Epic fantasy with a scribe and a scholar as its protagonist. An asexual protagonist. It stands alone well enough, too.

16. Claymore.

I mean the anime series, but I’ve got about five volumes into the manga, too. Shocked it’s not a book? Don’t be: it’s still EPIC.

17. Dragon Age: Origins.

Bioware’s giant RPG has its problems. But it is definitely epic fantasy, and I think despite its problems, it’s still worth looking at – particularly for how it takes epic fantasy elements long familiar to us from literature and adapts them to a new medium.

18. Violette Malan, The Sleeping God. (DAW, 2008.)

Mercenaries. Kicking arse, taking names, killing people in the face and saving the world.

19. Rae Carson, The Girl of Fire and Thorns. (Greenwillow, 2011.)

Aimed at the YA demographic, this is again the first book of a trilogy (better than its sequel, I think). Lovely coming-of-age epicness.

20. Elizabeth Bear and Sarah Monette, A Companion to Wolves. (Tor, 2007.)

The frozen north. Trolls. Men bonded to intelligent wolves. Trolls.

21. Jacqueline Carey, The Sundering. (Banewreaker, Godslayer; Tor, 2004-2005.)

Epic fantasy. As told from the villains’ point of view – but more complicated than that.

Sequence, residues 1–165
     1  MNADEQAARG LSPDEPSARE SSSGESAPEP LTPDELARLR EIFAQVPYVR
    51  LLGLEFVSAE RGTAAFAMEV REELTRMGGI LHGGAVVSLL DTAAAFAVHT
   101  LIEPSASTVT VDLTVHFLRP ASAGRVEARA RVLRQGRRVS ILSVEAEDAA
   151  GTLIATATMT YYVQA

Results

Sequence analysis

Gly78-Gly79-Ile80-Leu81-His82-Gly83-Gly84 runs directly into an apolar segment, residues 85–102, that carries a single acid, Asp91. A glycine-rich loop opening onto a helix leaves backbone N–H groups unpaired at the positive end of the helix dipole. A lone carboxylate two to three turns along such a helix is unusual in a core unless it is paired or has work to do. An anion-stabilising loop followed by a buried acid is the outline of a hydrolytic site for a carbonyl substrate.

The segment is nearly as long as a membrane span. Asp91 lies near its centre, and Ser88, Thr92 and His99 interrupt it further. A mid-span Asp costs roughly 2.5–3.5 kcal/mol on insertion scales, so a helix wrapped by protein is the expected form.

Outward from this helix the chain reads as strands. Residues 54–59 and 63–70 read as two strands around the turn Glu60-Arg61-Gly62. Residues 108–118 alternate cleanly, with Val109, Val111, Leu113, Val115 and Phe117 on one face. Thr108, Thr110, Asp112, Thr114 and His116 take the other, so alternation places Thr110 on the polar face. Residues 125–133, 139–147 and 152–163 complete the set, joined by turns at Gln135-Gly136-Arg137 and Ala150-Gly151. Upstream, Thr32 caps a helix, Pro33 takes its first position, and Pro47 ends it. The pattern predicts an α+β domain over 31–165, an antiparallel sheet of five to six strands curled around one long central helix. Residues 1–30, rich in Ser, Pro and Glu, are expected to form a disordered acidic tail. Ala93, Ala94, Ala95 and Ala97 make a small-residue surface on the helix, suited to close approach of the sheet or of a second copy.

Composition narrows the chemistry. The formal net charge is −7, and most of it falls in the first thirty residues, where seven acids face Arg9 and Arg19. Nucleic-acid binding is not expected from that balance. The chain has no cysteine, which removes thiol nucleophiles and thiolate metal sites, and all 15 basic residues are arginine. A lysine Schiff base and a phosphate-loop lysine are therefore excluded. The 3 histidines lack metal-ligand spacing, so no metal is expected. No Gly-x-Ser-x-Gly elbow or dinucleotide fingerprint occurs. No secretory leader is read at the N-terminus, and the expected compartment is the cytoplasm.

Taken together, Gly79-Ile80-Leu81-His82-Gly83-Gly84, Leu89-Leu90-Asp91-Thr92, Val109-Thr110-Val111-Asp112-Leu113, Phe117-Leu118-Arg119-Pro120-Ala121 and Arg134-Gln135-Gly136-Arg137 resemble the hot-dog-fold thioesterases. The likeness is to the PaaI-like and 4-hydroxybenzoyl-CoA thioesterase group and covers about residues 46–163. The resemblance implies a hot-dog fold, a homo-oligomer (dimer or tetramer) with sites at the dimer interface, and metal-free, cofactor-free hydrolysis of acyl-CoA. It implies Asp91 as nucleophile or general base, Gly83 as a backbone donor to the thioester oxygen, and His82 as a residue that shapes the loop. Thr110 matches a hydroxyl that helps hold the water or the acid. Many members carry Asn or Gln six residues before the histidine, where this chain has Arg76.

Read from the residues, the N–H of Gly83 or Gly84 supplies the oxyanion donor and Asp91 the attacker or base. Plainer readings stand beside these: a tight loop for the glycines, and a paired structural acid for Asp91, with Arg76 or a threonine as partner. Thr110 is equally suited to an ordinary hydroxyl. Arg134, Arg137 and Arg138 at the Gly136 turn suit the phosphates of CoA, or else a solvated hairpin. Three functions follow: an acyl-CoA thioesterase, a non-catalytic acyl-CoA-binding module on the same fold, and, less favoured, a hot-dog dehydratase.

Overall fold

22. Steven Erikson, Deadhouse Gates. (Tor, 2005.)

I’m picking only one novel from Erikson’s opus magnus, The Malazan Book of the Fallen – because, well, I fell off the wagon at book five, and have yet to go back. But Deadhouse Gates would be a stellar entry in any epic series: it certainly is here.

23. Simon R. Green, Deathstalker series.

Epic fantasy in a science fictional horror universe.

24. Ursula Le Guin, Voices. (Harcourt, 2006.)

24. Ursula Le Guin, Lavinia. (Harcourt, 2008.)

Yes, you get two entries for #24. I couldn’t choose between them. I love them both.

25. The Lord of the Rings: The Motion Picture Trilogy.

Every adaptation is a fresh recension. LOTR on film brought epic fantasy to a massive audience, and paved the way for epic fantasy to come to the screens again.

A fond mention for Scott Lynch’s The Lies of Locke Lamora, which I don’t think is epic but which is cool nonetheless.

The Odeion of Herodes Atticus

Built by Herodes Atticus, Greek, Roman senator, confidante of the Emperor Hadrian, to the memory of his wife Regilla (whose brother accused Herodes of her murder). Mid 2nd-century CE. Incorporated into the Byzantine and later Ottoman fortification walls of the acropolis.

Entrance to the lower tiers!

The Odeion was quite tall.

And not just tall…

They’re setting up for Wagner’s “The Flying Dutchman” opera.

The Cats of Athens

Because the internet is for cat pictures.

Cat of the Hill of the Muses

Cat of the top of the Classical Agora

Cat of the Tourist Information Office, Dionysiou Areopagitou

Cat, very pregnant, of beside the Panathenaic Way

Cat of the Athenian Acropolis, shortly before she bellied herself under the leftmost marble block.